Increasing subcooling allows the refrigerant to absorb additional heat. The exploitation of this possibility now depends on the conditions in the evaporator. In addition, the refrigerant media (e.g. air or water) must of course be capable of giving o this additional heat! This can be achieved by increasing the media mass ow or the inlet temperature. If the media mass ow and the inlet temperature remain unchanged, the outlet temperature should fall. Because of the many possible system congurations, the following explanations must be taken with some reservations. A system with one evaporator without evaporating pressure control is used as a basis. The equation to be used in calculating evaporator heat transfer is as follows: Qo Whereby: = k tlog A In practice, the average temperature dierence often increases, and in evaporators without pressure control, the evaporation temperature will fall. In this case the compressor must overcome a higher pressure dierence, and this results in decreasing compressor capacity. However, the increase factors for the compressor capacity in the event of increasing subcooling stated by compressor manufacturers (e.g.: [2]) are normally based on constant temperature and pressure conditions! If the enthalpy rise provided by the evaporator can actually be exploited, the refrigerant mass ow [kg/s] will decrease. The expansion of the evaporating surface thus achieved leads to a reduction of the superheating surface at the evaporator outlet. According to the MSS theory* developed by Danfoss, each evaporator has a stability characteristic curve. In order to maintain the required capacity, a certain minimum superheating or rather minimum superheating surface must be ensured. With rising subcooling, the control system will increasingly approach the unstable area. Finally, the superheating signal may collapse when the subcooling becomes suciently large. The remaining, relatively small superheating surface is no longer able to maintain the required stable superheating signal. Not even optimised expansion valves or electronic injection controllers can in this case provide the missing surface! Electronic control systems can, however, expand the scope of the evaporating surface and thus allow less superheating than mechanical control systems.

Qo = Refrigeration capacity [kW] k = Heat transmission coecient [kW/(K m2] tlog = Logarithmic, average temperature dierence [K] A = Heat-transferring surface [m2]

In addition, it is assumed that the heat transmission coecient remains unchanged (this value primarily depends on the refrigerant side conditions). In order to convert the oered additional heat either the logarithmic average temperature dierence tlog must be increased or the heat-transferring surface A must be expanded (i.e. the evaporation surface is favoured at the expense of the superheating surface).

Extent of subcooling
The extent of the permissible subcooling cannot be stated in general. Above all, this depends on the components being correctly dimensioned in relation to each other. Over dimensioned expansion valves can be critical, as can over dimensioned evaporators. In the latter case the over dimensioned surface reduces the logarithmic average temperature dierence tlog thereby limiting the superheating scope. The same applies to systems with over dimensioned expansion valves. Furthermore, it is important to consider whether a certain subcooling was presupposed at the time when the evaporator was selected and its capacity dened by the manufacturers. This applies to KBA evaporators (pursuant to EN 328, April 1999, see [5]). As a guideline a vapour mass fraction at the evaporator inlet within the range: 0.2 < < 0.3 should be aimed at. This guideline forms the basis of the capacity information in pursuance of the above-mentioned standard [5] and it has proven to be the best starting point for good control.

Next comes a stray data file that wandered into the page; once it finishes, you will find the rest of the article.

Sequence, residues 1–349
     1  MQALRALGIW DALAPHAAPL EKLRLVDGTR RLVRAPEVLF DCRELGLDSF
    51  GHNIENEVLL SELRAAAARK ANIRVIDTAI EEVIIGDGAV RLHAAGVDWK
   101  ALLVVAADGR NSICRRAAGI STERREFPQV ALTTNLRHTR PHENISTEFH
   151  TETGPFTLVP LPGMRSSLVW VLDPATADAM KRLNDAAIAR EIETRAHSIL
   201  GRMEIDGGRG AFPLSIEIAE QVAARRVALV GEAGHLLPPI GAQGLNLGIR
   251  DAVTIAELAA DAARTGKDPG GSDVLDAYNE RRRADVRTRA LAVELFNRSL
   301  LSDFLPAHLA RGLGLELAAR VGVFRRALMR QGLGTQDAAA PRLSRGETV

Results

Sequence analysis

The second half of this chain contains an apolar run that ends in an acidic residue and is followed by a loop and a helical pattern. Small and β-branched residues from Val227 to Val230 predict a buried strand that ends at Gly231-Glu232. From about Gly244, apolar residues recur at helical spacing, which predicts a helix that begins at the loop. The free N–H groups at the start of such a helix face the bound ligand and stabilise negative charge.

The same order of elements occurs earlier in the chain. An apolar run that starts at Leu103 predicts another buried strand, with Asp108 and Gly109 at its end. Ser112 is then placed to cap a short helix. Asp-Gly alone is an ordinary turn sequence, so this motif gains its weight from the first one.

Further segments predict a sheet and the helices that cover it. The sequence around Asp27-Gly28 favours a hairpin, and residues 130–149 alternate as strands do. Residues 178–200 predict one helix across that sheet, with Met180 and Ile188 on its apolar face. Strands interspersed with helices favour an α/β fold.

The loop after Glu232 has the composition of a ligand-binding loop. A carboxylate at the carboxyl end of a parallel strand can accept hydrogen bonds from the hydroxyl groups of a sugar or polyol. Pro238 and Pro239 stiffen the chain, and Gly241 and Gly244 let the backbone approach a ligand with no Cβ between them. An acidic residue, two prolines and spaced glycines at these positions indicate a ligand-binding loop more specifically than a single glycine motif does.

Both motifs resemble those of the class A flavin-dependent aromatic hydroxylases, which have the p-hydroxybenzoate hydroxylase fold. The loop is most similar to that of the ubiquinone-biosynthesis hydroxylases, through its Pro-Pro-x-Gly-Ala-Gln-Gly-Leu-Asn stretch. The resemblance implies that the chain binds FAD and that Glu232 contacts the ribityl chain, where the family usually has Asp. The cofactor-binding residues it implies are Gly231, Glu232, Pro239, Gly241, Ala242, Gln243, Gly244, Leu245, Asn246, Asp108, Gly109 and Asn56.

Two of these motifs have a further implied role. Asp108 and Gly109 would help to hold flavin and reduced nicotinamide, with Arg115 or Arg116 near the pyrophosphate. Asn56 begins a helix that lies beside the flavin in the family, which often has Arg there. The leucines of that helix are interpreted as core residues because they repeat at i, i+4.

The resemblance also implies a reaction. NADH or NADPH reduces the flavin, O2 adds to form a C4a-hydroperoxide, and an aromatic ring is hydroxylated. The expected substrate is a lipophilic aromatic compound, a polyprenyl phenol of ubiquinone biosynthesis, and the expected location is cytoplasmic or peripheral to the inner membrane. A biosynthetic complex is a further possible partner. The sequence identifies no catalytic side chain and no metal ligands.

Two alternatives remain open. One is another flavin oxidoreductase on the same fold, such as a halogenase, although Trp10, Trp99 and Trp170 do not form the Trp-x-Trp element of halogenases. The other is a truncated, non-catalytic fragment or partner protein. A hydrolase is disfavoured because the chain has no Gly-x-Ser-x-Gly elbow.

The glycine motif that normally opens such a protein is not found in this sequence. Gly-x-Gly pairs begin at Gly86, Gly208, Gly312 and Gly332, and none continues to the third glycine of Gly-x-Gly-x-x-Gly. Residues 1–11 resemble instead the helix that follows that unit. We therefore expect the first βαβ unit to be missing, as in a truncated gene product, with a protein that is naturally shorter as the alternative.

* MSS = Minimal Stable Signal (of superheating) Article - The inuence of subcooling on refrigeration control quality - 20050404 Page 3 of 8

In addition, ash gas formation before the expansion valve should of course be prevented by means of a certain amount of subcooling! An over dimensioned compressor also constitutes a risk. Here capacity step control produces substantial changes in the superheating signal. These changes may aect the stability limit of the evaporator and lead to hunting of the superheat signal. This tendency is also reinforced by excessive subcooling. The variable operating conditions should also be taken into account. Examples hereof are seasonal changes or dierences between start-up and continuous operation. A subcooling which is adequate for continuous operation may not be available at start-up. This can cause problems in this specic phase.

4. Two examples in a Mollier diagram


To round o, two examples are presented as an illustration of the theme subcooling. The marginal conditions for these considerations are:

Example 1: R22 Cascade system A cascade system consists of two separate refrigeration circuits. The condenser on the low pressure side is at the same time the evaporator on the high pressure side. For the sake of simplicity, it is assumed that the same refrigerant is used in both parts of the system. Operating conditions: Cascade low pressure side : Condensing temperature Evaporating temperature Subcooling Evaporation starting point Cascade high pressure side: Condensing temperature Evaporating temperature Subcooling Evaporation starting point 15C 40C 10 K x = 0,07 45C 20C 10 K x = 0,30

Pressure drops in piping, heat exchangers etc. are disregarded in the graphical representation. Assuming correctly dimensioned, installed and adjusted plant components, the achievement of a vapour mass fraction around 0.2 < x < 0.3 at the evaporator inlet [3] is considered the main criteria for unproblematic control. If the marginal conditions deviate from those indicated on the capacity datasheet for the evaporator concerned (or other evaporators), the manufacturer should be contacted in order to obtain the required capacity data.

The following problem is illustrated in gure 2: Using the same subcooling, a vapour mass fraction at the evaporator inlet is achieved which on the high pressure side lies at the upper norm limit and which on the low pressure side is too low. If subcooling disappears, the start-up condition of the high pressure side may change to x = 0.36 (broken line). This happens, for example, if the condensing temperature increases or if air-cooled condensers work without external subcooling; an event that is far more common. Practical application examples illustrate the considerable impact of even relatively small deviations from evaporator factory settings.